March of the cow parsley

IN May the weather was cold and this was followed by a period of drought.

This inhibited growth, as we all know from listening to the fodder problems of farmers on the radio. But then, quite suddenly, the soil temperature passed the magic number of six degrees and it started to rain.

There was some kind of pent up energy caused by the delay and when the growth came it was explosive. I walked down the path through my little wood to check up on it and I was surrounded by cow parsley towering over my head, and I’m quite tall. The umbrellas of creamy white flowers were damp after a recent shower and giving off a sickly sweet scent that hovered somewhere between pleasant and unpleasant.

This plant, familiar in most parts of the country along road verges and the margins of hedgerows and woods, has many common names. It’s often called Queen Anne’s Lace, but this is a bit confusing because the same name is sometimes used for the wild clematis, which is also called Old Man’s Beard. In parts of South Leinster school children have told me that it’s called Devil’s Porridge — the off-white flowers when they’re densely packed do bear some resemblance to porridge but I’ve never got to the bottom of the association with the devil.

Cow parsley belongs to a large family of plants and has some interesting relatives. These include edible ones such as parsnip, fennel, real parsley and carrots. Unfortunately, this means that it is a host for that dreaded pest, the carrot fly. Among its wild relatives are the poisonous hemlock and the hogweeds, not only our native hogweeds but also the alien giant hogweed that can cause severe skin burns.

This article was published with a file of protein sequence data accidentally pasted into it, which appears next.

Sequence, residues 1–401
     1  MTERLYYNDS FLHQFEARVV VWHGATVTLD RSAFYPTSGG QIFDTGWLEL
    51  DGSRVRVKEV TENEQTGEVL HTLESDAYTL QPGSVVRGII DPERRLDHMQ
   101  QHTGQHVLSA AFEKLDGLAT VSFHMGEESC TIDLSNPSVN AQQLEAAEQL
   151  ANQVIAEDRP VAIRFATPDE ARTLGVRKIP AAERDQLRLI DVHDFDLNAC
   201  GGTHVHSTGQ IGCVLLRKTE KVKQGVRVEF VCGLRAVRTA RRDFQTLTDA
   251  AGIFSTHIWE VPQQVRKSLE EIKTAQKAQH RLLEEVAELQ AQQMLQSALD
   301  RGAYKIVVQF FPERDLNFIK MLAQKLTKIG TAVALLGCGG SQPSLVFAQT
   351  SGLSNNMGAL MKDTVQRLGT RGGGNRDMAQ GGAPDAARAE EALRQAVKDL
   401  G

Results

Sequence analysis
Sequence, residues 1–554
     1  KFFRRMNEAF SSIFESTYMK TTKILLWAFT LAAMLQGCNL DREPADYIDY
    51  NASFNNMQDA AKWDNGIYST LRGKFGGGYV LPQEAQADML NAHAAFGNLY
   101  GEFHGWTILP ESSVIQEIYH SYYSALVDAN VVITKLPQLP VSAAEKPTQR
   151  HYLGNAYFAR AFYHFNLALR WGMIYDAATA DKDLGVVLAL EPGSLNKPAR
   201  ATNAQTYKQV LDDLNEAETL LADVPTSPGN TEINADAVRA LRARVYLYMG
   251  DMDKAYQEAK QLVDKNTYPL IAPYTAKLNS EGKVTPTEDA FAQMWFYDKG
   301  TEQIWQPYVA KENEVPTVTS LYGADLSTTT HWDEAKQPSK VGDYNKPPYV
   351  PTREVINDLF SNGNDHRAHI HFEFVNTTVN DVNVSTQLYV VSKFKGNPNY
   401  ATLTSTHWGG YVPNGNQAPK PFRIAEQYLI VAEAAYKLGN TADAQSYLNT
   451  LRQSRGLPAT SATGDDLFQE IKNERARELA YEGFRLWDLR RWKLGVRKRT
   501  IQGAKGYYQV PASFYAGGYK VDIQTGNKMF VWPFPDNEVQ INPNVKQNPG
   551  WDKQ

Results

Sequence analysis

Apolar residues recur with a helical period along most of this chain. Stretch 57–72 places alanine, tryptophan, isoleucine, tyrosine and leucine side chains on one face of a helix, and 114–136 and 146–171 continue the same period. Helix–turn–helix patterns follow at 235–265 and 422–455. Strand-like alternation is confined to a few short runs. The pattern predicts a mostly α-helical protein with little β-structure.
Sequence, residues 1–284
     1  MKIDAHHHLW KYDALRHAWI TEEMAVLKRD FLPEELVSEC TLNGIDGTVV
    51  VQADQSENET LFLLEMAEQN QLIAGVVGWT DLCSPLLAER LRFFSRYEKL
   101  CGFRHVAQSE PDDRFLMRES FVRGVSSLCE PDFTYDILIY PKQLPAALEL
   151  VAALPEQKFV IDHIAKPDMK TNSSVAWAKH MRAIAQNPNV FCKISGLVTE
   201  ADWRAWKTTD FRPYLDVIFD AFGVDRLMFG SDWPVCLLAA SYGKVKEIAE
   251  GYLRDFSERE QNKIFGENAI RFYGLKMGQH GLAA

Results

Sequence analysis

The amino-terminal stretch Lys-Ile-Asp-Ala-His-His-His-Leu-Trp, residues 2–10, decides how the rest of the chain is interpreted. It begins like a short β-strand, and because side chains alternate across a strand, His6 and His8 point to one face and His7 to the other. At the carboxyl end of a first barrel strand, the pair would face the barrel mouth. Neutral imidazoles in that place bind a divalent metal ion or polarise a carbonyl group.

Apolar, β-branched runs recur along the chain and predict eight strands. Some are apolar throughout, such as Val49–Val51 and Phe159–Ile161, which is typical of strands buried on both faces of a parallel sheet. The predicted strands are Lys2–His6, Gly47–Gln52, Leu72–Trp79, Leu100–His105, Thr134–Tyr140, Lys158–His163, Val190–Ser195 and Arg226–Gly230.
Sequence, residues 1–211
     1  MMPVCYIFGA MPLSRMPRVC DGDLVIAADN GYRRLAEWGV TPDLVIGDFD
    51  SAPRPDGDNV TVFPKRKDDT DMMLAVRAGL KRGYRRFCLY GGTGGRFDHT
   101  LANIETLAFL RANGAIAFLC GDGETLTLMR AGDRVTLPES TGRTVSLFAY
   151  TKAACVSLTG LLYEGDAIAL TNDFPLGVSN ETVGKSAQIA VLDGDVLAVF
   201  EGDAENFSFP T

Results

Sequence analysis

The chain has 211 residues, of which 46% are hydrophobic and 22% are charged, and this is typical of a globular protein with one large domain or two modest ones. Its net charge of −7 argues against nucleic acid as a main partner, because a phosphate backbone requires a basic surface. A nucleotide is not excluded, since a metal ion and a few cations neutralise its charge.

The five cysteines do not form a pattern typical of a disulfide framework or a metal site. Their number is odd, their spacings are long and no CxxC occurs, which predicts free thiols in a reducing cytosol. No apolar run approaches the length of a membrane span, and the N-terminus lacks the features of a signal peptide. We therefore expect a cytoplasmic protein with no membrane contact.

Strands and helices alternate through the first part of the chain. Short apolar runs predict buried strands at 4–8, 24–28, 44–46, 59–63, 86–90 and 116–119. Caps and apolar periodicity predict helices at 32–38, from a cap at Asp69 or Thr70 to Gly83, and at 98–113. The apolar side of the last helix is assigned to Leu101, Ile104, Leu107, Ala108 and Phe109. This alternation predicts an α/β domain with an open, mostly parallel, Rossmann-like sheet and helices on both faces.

Cow parsley is fairly harmless, in fact it’s said to be edible, though not very appetising. However, some of its wild relatives are so poisonous that they’ve killed people and they look very similar.

When it grows luxuriantly on winding country roads it can sometimes obscure the view round bends and it has to be cut down. But the foliage and the flowers are frequently used by florists to provide a cool contrast to showier blossoms in a floral arrangement.

Nature table

WOOD MOUSE (Apodemos sylvaticus)

There are only two native species of mouse in Ireland, the wood mouse and the house mouse (Musculus domesticus) — though the house mouse is probably not really native because it’s believed to have been accidentally introduced in prehistoric times. In general the wood mouse has reddish-brown fur and the house mouse is grey, but there is some colour variation and they can be very hard to tell apart. But the house mouse, which originates in a warmer part of the world, is always found in buildings in winter and close to them in summer. The wood mouse has the scientific name of Apodemos which, in Greek, means ‘away from home’ because it shuns humans and their buildings. Confusingly, wood mice are sometimes called field mice in Ireland. This name should be reserved for a smaller species which is found in other parts of Europe. Both species are essentially seed eaters but they will try almost anything edible.

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